The TT’s quattro setup can transfer 100 per cent of the engine’s torque to the rear axle. However, in practice this doesn’t mean that the TT has a thrilling rear-biased character hidden up its sleeve. It’s still overwhelmingly neutral in corners, and booting the throttle mid-bend just exposes the TT’s ample reserves of grip.

The suspension errs towards the firmer side of things, but it doesn’t hinder the TT’s fluency down a B-road. It’s a very easy, if somewhat unspectacular coupe to drive fast. The only thing that’ll chip away at your confidence is the steering. It’s very sharp and aids the sense of agility, but it’s also too light and transmits almost no feedback from the road surface.

Audi’s ‘Progressive’ electric power steering is standard fit, which alters the steering ratio on the fly and makes low speed manoeuvring easier. Drive the TT fast, however, and the variable setup will leave keener drivers wanting more. At this price point a comparable BMW Z4 will deliver much more through the wheel, while speccing a few extra such as expensive optional wheel designs and the £1,495 technology pack puts the TT 45 TFSI quattro within touching distance of a basic Porsche 718 Cayman. At that sort of price, the Porsche will be pretty bare-bones, but certainly a step up dynamically. 

Away from the driving experience, the list of standard equipment on all TT models grows to include electrically folding mirrors, while S Line trim cars get upgraded sports seats. In the cabin nothing really changes, but it’s still a strong driving environment and uses the kind of quality materials you’d expect of the brand.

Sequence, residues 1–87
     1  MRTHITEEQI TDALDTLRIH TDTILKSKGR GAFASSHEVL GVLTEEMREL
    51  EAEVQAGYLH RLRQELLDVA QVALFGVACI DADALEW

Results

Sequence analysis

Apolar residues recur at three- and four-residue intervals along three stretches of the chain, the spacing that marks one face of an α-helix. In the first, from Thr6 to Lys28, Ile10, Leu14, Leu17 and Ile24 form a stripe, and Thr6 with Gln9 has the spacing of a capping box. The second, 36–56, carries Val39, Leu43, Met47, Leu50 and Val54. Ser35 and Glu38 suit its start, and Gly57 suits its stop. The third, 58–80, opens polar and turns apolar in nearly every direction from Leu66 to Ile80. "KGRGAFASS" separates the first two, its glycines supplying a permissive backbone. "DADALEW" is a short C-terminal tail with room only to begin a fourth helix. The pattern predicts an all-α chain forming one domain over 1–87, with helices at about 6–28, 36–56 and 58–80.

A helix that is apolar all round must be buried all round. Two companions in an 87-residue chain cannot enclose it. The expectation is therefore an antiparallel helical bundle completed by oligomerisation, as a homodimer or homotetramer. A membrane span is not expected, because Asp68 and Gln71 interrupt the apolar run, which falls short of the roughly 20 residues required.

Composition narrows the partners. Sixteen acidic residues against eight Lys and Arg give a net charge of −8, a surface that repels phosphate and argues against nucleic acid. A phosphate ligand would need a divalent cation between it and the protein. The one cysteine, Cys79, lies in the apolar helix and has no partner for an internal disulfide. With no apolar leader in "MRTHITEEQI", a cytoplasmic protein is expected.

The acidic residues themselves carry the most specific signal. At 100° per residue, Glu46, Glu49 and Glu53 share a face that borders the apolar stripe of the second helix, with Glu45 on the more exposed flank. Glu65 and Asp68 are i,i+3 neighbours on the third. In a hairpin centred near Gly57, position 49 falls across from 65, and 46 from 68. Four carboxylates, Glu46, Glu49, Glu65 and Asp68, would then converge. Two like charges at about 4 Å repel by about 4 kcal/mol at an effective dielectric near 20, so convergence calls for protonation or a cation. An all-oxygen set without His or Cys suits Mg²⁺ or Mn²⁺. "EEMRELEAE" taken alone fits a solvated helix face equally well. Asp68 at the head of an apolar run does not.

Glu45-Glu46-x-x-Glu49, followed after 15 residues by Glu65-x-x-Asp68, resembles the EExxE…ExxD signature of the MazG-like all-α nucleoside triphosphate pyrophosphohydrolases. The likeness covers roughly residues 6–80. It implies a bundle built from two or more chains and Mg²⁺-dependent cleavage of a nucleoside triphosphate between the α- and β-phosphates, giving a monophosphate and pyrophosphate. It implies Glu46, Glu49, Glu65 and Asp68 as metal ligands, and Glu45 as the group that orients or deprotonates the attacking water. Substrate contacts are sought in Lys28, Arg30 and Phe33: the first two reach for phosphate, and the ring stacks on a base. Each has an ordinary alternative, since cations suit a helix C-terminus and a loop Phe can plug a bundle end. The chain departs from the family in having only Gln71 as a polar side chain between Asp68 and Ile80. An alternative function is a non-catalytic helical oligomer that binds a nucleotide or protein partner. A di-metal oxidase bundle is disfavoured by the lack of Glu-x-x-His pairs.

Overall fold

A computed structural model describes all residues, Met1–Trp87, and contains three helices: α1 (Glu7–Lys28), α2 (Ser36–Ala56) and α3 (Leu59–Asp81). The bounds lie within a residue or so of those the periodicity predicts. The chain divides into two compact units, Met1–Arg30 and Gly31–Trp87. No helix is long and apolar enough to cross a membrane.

A central infotainment screen is not available in the TT. Instead, absolutely everything is broadcast through the standard Virtual Cockpit instrument display behind the steering wheel. This isn’t an issue, given that Audi’s digital dashboard setup is still possibly the most convincing on the market and can be configured to be as information rich or as un-obtrusive as you like. You can operate the display through button-mounted wheels, but a dedicated rotary dial still sits in the middle of the centre console.

The TT’s somewhat bulbous shape means that space doesn’t feel too constrained inside, while visibility is also pretty good. The Coupe is a 2+2, with a pair of very small seats tucked behind the main front row. While they aren’t all that usable, the boot is, sizing up at an impressive 305-litres for the class. Collapse the tiny rear row seats, and the TT fields an impressive, if slightly shallow, 712-litre cargo space.

The Audi TT Coupe is faster and better appointed than ever, and still a surprisingly practical choice in a traditionally tightly-squeezed class. It trades on the accessibility of its performance rather than being a true driver’s car. But ultimately, given the model’s mainstream popularity, that’s probably just what Audi intended.
  • Model: Audi TT Coupe 45 TSFI quattro S Line S Tronic
  • Price: £38,605
  • Engine: 2.0-litre 4cyl turbo petrol
  • Power/Torque: 242bhp/370Nm
  • Transmission: Seven-speed automatic, all-wheel-drive
  • 0-62mph: 5.2sec